Skip to main content Go to Site Map
Three AUB students smiling and posing for a photo under a tree with the sun shining behind.

Cameron Campbell – Living with friends at university


  • Student Journal


Coming to university, I never thought I’d be lucky enough to surround myself with the people I call my friends today. While for some people, you find the people that click a little later on, I was one of the lucky ones and have stayed living with my housemates all the way back from first year, throughout all of our university experiences. Over our three years at AUB we have added three newcomers to the group – two in second year and another in third year, but we’ve all known each other for a long time and I’d like to share my experience with you.

When moving to university, it can feel very daunting. For me, it was the first major time that I had entered a completely new situation. While they now tell me that some of our first meetings were awkward and even some of our friendships didn’t seem fruitful at first, the time we spent together as a flat really paid off. Knowing that we were all in a similar situation definitely helped, and making friends with another flat, encouraged us to put in the effort to go out and spend quality time together. I definitely found it helpful that we went out so much in the first year together, we are all a fairly extroverted and outgoing bunch so parties and social gatherings were up our street.

In second year, we added an additional two people to the five of us that survived first year – taking us up to a house of seven. The larger living spaces meant there was more responsibility between us for upkeep, which caused a few tensions but in actuality bought us together. The garden, which we didn’t have in our flat in first year, allowed us to host barbecues as soon as the weather got warm. This became a regular event, since we were close to the university and so a bit further from the beach. Having ‘family’ meals on a semi-regular basis meant we could have a proper get together, without the effort of going out or spending a tonne on booze (although some cheap Aldi wine or cider doesn’t hurt). Splitting the food bills and having people cook and others clean meant the hassle was all in hand and we ensured that we could spend the quality time together.

Come third year, we have welcomed our third and final new house mate to the group. Third years dynamic has been unique to the other years as studying and our own personal lives have directed how we function as a group. Particularly in first term, the group felt rather divided as the jump to the increase of work volume but most importantly its vitality to our final grade, meant our focuses were driven toward that. However, since Christmas, for the most part we have been able to better manage our work-life balances. Making time to have dinner with each other, or heading down to Buffalo (the local bar) every now and again gives us a break during long weeks of work to chill out. Something I have personally been so thankful for, is going to the gym with my housemates. We encourage each other and have a good laugh and even the journey there can be a good chance to catch up. It is these common interests that we share and fulfil together that I believe help keep our friendships so strong where I feel others may struggle.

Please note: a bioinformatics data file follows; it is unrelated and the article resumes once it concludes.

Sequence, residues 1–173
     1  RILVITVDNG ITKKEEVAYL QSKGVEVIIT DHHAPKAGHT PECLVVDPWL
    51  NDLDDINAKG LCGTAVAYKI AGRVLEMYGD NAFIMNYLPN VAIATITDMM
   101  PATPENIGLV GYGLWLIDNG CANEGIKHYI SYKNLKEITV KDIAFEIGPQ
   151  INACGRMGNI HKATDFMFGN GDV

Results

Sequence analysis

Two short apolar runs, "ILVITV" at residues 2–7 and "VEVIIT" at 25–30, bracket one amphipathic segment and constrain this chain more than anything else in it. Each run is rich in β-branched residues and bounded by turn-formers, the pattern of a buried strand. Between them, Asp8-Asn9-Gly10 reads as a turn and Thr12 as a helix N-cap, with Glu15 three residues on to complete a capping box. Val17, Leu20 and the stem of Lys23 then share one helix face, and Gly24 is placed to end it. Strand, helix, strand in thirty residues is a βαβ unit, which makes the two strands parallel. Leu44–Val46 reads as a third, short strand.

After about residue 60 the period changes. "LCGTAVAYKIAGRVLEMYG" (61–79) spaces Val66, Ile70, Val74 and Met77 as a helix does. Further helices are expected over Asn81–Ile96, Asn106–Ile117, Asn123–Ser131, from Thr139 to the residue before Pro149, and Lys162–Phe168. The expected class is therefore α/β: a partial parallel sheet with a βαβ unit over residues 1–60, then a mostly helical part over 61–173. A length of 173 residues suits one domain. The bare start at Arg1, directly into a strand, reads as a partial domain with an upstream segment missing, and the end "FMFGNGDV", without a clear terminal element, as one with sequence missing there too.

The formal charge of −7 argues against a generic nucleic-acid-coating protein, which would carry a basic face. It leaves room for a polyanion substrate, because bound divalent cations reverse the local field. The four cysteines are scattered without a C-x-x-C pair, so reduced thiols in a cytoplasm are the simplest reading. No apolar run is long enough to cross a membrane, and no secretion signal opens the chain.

Something I can take away from this experience is that living with friends is a very different scenario to having friends you can leave at the end of the day. Neither is better than the other as both types suit different relationships. However, when living with people you must understand that you will all live by different values. I, at least, have learnt that people with potentially different backgrounds, upbringings or views to you can be a jump to get to know at first. However, as you see their positive traits and you are able to share experiences and laugh together about things, qualities you might not normally look out for become personal quirks to their characters that define them as a person, unique to you – something slightly more irregular to friends that you don’t live with, as you potentially aren’t so exposed to every part of someone’s personality or routine.

As a group, our bonds have definitely been tested with having to live with each other as effectively strangers from the start, however I wouldn’t have had it any other way. Theres always something to learn from each of them and as we head out into the professional world at the end of this academic year, I know we will all keep in contact and help each other down the line when the time comes. We have even murmured about the potential for a few of us living together again, which if possible and feasible for our future plans, I would definitely consider.

I am aware that this kind of situation is pretty rare at university, but I am so thankful for the chance to meet these people. So, for any current or potential students, I would really recommend making the extra effort to connect with your housemates. With a bit of luck and laughs, it will pay off.

Something to think about

If you liked this post you might be interested in our Undergraduate courses.

Explore Categories